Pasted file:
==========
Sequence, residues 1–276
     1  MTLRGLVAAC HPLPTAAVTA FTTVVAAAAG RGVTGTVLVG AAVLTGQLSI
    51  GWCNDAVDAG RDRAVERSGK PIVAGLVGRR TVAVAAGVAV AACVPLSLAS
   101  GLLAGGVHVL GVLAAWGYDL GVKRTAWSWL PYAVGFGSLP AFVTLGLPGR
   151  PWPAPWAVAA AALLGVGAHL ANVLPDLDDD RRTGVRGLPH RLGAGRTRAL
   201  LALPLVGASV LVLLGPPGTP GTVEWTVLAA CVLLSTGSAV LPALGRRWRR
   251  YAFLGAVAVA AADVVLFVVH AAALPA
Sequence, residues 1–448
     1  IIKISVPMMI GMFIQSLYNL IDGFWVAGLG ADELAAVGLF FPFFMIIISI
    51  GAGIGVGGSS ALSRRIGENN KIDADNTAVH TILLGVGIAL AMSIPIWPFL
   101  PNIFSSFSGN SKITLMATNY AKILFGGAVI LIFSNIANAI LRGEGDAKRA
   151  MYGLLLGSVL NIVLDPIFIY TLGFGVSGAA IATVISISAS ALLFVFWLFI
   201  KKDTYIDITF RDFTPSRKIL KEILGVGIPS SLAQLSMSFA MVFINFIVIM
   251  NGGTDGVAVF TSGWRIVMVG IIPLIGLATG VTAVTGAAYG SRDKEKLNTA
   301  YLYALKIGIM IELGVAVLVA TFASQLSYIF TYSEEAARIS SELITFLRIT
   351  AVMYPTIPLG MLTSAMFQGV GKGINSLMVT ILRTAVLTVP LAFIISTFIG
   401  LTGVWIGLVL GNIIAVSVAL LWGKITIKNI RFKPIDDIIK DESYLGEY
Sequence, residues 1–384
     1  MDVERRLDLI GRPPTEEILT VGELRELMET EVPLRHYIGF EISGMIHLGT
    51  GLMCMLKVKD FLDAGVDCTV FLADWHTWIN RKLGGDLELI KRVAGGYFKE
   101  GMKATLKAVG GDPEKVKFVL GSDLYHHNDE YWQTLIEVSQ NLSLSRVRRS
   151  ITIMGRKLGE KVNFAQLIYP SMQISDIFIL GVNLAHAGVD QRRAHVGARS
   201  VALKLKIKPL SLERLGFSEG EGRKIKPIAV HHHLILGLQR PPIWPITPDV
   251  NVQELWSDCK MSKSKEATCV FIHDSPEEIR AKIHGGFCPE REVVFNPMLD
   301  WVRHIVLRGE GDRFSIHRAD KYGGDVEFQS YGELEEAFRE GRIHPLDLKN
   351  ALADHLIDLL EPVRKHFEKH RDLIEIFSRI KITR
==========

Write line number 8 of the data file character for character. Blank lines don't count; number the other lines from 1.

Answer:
Sequence, residues 1–448